Welcome to this week’s edition of Nature Friday where we join our ‘fur-iends’ from Adventures of the LLB Gang. It’s been another crazy wild weather week including temps in the 80’s and a flash snowstorm on Tuesday. Springtime in the Rockies continues to be all over the map but one that that has been consistent where tulips are concerned. Like many others around Blogville, I’ve noticed they have been more beautiful this year than in the recent past years. The moisture we’ve been receiving lately has no doubt impacted how lovely they are. While I think we’re done with more snow, the next few days are calling for showers-a bit of a treat in the Mile High since we’re more likely to receive snow before rain so this will be a pleasant change of pace.
One early morning dog walk this week highlighted just how pretty tulips have been. With the rising sun behind them, the early light made them look almost transparent. This yard is nothing to write home about but three large clumps of tulips in a fabulous shade of pink along the side yard, one could almost think it’s channeling a “Better Homes & Gardens” landscape.
Even though these tulips are quite pretty, let’s take a look at another beauty that has been blooming, the crabapple tree. As a kid, each street in our neighborhood showcased a different tree on that strip of grass between the street and sidewalk. My family’s designated tree was crabapple and for a couple of weeks in the spring, it was one of the most beautiful streets in the whole area. With this week’s rain and snow, their blooming has been extra spectacular in Denver.
Malus is a genus of apple trees which are small deciduous trees or shrubs that are included in the family Rosaceae and includes the domesticated orchard apple. Other species are commonly known as crabapples, crab apples, crabtrees, or wild apples. The genus is native to the temperate zones in the Northern Hemisphere.
These trees are typically 4–12 m (13–39 ft) talI at maturity, with a dense, twiggy crown. Leaves are about 3–10 cm (1.2–3.9 in) long, alternate, simple, with a serrated margin. The flowers are borne in corymbs, and have five petals, which may be white, pink or red, and are perfect that produce copious amounts of pollen.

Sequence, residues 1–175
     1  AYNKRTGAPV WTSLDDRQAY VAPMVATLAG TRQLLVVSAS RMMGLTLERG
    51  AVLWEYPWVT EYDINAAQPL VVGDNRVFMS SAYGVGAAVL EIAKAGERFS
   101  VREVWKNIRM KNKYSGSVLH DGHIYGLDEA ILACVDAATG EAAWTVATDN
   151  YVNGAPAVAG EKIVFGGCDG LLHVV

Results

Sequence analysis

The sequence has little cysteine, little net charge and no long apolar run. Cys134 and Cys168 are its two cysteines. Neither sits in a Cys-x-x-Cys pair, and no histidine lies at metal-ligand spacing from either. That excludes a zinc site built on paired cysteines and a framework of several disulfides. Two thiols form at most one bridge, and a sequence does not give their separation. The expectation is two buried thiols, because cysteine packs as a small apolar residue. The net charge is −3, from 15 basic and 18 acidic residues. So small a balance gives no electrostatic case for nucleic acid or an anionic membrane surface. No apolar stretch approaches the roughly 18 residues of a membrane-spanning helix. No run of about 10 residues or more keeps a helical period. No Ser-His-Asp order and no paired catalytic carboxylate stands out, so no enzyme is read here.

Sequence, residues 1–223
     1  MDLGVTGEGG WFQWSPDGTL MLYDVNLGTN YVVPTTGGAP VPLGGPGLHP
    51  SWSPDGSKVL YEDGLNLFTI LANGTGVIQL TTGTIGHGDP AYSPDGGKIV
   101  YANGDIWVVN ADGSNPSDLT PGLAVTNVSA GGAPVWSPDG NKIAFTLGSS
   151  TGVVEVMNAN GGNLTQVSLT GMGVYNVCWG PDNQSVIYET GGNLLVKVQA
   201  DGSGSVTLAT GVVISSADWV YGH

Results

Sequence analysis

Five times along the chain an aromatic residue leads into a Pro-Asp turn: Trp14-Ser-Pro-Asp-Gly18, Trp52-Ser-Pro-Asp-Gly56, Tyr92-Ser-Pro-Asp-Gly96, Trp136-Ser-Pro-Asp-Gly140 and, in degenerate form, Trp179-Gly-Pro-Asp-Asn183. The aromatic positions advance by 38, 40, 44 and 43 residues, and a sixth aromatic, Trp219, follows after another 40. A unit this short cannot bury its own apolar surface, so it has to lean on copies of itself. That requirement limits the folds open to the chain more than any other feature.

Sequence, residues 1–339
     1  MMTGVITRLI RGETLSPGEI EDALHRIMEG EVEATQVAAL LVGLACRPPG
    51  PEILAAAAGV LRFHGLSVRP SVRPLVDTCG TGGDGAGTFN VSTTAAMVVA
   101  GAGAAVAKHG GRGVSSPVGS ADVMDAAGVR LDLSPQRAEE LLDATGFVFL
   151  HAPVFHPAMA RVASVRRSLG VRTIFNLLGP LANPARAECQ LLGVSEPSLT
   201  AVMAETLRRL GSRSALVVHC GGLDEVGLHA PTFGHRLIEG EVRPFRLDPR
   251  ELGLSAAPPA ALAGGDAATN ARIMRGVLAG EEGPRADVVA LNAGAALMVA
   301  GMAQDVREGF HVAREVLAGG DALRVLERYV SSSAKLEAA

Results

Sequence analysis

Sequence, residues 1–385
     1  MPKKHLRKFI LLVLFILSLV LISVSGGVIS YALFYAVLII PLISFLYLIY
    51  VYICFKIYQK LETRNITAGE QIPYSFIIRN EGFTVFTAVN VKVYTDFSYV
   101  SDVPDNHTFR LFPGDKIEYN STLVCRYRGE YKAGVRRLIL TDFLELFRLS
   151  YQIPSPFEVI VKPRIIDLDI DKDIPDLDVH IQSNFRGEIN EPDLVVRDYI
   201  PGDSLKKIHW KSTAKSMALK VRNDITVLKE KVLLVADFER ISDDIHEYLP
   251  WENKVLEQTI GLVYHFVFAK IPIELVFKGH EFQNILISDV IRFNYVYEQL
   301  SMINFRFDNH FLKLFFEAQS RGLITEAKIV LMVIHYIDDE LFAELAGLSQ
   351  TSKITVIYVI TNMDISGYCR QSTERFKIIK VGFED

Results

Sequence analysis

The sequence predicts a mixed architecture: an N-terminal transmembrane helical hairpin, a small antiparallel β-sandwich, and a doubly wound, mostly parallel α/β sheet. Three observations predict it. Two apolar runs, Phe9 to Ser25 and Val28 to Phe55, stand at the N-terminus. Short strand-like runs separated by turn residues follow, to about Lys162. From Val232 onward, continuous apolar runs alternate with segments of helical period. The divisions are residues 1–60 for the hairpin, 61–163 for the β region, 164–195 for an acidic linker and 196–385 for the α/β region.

Many apples require cross-pollination which are frequently accomplished with the cooperation of bees, which freely visit the flowers for both nectar and pollen. Self-pollination is impossible, thus making these hardworking insects essential.
Several of the species hybridize freely and are a good source of food for butterflies and moths. The fruit is a “globose pome” meaning they are a type of fruit that is produced by flowering plants, varying in size (from 1–4 cm (0.39–1.57 in) diameter in most of the wild species, to about 6 cm (2.4 in) or even larger in certain cultivated orchard apples. The centre of the fruit contains five carpels arranged star-like, each containing one or two seeds.
There are about 42 to 55 species and natural hybrids with about 25 from China.
Can you see why they’re part of the Rosaceae family? I walk past these trees usually twice a day and they look like gigantic bouquets of roses.They were particularly showy yesterday with clear blue skies highlighting those gorgeous blooms. While some people make crabapple jelly from the fruit, more often they provide food for the neighborhood birds in autumn. Do you have any crabapple trees in your neighborhood?
Norman, Elsa and I hope you have a wonderful weekend and are able to get out and enjoy some of the beauty Mother Nature offers this time of year.
Live, love, bark! 🐾